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hydration

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Busting 5 common myths about water and hydration

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A runner takes a quick drink during training at the Australian Athletics Olympic Teams training camp at Nudgee College in Brisbane, Australia. Darren England/Getty Images hide caption

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Darren England/Getty Images

Water Water Everywhere, But How Much Do You Really Need?

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A sensor developed by scientists at U.C. Berkeley can provide real-time measurements of sweat rate and electrolytes in sweat. Courtesy of Bijendra Maskey/Sunchon National University hide caption

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Courtesy of Bijendra Maskey/Sunchon National University

Want To Know What's In Your Sweat? There's A Patch For That

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Just a 10 percent shift in the salt concentration of your blood would make you very sick. To keep that from happening, the body has developed a finely tuned physiological circuit that includes information about that and a beverage's saltiness, to know when to signal thirst. Nodar Chernishev/Getty Images hide caption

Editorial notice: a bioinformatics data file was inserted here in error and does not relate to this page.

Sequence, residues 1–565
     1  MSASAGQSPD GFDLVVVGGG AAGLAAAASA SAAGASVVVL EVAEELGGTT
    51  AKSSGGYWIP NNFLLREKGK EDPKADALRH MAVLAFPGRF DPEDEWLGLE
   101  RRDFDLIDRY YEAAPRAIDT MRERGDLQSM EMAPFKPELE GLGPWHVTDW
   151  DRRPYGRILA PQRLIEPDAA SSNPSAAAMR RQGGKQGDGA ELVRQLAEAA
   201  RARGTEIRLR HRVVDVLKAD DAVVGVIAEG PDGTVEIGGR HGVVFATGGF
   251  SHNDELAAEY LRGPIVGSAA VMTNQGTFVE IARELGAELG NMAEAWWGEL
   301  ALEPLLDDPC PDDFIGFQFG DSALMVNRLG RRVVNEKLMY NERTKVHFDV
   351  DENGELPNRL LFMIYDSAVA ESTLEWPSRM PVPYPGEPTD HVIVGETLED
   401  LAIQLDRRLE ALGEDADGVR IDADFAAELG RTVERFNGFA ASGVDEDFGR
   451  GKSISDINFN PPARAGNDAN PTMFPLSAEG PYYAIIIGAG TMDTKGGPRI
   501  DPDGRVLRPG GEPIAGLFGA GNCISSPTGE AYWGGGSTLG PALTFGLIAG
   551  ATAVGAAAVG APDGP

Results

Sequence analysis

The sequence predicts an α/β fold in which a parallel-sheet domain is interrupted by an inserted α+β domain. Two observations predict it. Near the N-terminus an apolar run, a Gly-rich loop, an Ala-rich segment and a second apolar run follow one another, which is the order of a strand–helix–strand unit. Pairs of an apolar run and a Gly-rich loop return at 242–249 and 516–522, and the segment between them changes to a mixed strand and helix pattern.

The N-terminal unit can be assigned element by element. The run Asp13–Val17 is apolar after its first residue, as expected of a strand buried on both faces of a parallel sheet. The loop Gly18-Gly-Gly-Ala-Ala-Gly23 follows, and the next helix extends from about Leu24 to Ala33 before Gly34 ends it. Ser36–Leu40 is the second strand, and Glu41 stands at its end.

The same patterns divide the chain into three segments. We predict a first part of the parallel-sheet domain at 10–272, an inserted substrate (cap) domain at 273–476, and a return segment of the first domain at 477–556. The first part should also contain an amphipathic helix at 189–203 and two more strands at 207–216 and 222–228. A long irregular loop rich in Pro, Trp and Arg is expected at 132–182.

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Nodar Chernishev/Getty Images

Blech! Brain Science Explains Why You're Not Thirsty For Salt Water

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A study in mice suggests that our brains tell us when to start and stop drinking long before our bodies are fully hydrated. Guido Mieth/Getty Images hide caption

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Guido Mieth/Getty Images

Still Thirsty? It's Up To Your Brain, Not Your Body

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Kids and teens should get two to three quarts of water per day, via food or drink, research suggests. iStockphoto hide caption

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iStockphoto

Got Water? Most Kids, Teens Don't Drink Enough

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